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PhD study brings non-coding RNA out of the shadows

Tuesday, 22 August 2017 11:30am

Zoe Ward, PhD candidateZoe Ward, PhD candidate

The world of science these days is less about lab benches and test tubes, but is increasingly computer-based, analysing high volumes of complex data.

PhD candidate Zoe Ward, is working in this relatively new field of medical research known as bioinformatics.

Zoe is a PhD candidate with the Molecular Biology and Genetics team at the Christchurch Heart Institute, a University of Otago Research Centre.

Zoe spends her days exploring an area of human genetics known as non-coding ribonucleic acid (RNA). Just like deoxyribonucleic acid (DNA), RNA is vital for all living things.

“Non-coding means the RNA doesn’t go on to produce proteins which have many critical roles in our cells. For many years coding RNA and proteins have been the main focus of research. The regions where non-coding RNA’s reside in our genome have until recently been thought as “junk” and of no use to the body. However, since their discovery there is growing evidence that they are highly involved in important biological processes and they have been implicated in many disease states.”

“My project is computer-based, analysing large volumes of complex RNA sequence data to produce a strategy that can be used as a pathway towards developing new approaches in clinical care. Specifically, the aim is to investigate how these non-coding RNAs in our genetic material contribute to coronary heart disease risk, and to develop non-coding RNA blood biomarkers to help predict progression in coronary heart disease patients.”

The PhD study will run for three years. “We will measure non-coding RNAs in patients at 4 months and 12 months after hospital admission for coronary heart disease, and compare RNA levels in patients who develop heart failure between these two time points with those who remain event-free. Patients from each group will be age, gender and ethnicity-matched.”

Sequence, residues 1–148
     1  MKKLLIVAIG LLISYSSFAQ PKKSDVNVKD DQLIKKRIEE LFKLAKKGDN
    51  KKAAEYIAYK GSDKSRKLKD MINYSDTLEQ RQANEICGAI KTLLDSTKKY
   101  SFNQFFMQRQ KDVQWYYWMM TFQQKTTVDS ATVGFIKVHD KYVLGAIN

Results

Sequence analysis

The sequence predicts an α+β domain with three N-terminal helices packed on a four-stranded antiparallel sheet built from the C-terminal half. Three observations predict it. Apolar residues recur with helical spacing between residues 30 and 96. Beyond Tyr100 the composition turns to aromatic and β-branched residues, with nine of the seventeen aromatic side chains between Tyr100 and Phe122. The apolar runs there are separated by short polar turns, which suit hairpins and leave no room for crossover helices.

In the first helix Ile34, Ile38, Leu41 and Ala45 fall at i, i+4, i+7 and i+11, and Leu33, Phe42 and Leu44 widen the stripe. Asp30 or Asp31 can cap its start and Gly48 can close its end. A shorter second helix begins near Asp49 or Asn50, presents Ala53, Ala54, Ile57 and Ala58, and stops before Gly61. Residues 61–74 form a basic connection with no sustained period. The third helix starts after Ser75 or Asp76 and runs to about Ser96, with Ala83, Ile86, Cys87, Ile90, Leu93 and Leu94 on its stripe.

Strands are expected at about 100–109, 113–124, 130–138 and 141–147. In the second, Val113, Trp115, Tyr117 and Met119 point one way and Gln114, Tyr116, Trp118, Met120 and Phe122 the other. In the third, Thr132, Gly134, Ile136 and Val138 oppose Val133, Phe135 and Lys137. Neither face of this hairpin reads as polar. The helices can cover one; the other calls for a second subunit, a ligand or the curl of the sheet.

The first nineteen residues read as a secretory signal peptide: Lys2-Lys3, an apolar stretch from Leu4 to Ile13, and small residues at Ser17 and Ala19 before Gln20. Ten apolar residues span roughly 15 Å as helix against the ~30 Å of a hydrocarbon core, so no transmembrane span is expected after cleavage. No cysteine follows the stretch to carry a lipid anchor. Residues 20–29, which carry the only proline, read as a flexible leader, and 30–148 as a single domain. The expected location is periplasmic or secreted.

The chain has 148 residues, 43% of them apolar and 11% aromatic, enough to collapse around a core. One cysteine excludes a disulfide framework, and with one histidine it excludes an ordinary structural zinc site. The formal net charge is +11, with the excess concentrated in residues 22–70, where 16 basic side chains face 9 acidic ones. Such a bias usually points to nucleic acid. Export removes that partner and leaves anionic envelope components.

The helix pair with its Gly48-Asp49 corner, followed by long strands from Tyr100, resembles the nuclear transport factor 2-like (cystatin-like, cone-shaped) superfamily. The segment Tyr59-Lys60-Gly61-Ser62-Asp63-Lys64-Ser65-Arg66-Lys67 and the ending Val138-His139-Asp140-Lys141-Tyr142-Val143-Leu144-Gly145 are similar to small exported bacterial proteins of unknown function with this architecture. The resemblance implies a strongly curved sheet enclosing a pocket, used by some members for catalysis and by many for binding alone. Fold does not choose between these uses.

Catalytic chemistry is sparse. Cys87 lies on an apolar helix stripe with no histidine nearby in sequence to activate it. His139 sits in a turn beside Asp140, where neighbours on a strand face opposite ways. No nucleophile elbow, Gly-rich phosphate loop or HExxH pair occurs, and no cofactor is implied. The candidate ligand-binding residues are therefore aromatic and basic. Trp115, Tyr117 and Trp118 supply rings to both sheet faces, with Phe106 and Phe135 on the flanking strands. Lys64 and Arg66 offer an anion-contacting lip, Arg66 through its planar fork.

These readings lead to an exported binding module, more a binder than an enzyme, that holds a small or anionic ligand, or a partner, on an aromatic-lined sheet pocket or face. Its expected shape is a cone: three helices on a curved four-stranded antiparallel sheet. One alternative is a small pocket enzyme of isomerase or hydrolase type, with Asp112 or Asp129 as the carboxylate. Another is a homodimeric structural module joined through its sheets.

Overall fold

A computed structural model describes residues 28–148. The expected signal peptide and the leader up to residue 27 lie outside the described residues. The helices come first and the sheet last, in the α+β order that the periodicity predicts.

Zoe came to New Zealand three years ago having spent the previous 14 years at University College London and Guys Hospital working in genomics laboratories as an application specialist providing expertise in state of the art sequencing technologies for different research groups.

“I am very excited about the bioinformatics project. It’s a new frontier in science. Fascinating, with huge potential to understand disease processes leading to more targeted therapies and health prediction.”

Being part of a new area in science is very exciting for Zoe who receives specialist supervision from Dr Anna Pilbrow and Professor Vicky Cameron of the Christchurch Heart Institute (CHI), Dr John Pearson at University of Otago Christchurch and Dr Sebastian Schmeier at Massey University.

“I am enjoying being part of the CHI with University of Otago Christchurch. Both the research group and the Department have been very welcoming. Professor Lutz Beckert, Head of the Department of Medicine, made his open door policy clear to me, which I really appreciate.”

Zoe is very appreciative of Dr Anna Pilbrow, who encouraged her to take her career further by enrolling for a PhD.

“She saw something in me that I didn’t see in myself. I’m thankful to her that I’m doing this (the PhD). The team feels like a family.”